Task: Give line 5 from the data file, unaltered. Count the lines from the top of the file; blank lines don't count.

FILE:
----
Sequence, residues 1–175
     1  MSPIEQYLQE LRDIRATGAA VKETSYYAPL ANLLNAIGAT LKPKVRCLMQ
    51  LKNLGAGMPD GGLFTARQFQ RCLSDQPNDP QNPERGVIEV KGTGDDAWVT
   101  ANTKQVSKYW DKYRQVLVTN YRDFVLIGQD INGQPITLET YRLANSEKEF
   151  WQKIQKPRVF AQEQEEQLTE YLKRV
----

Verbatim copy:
   151  WQKIQKPRVF AQEQEEQLTE YLKRV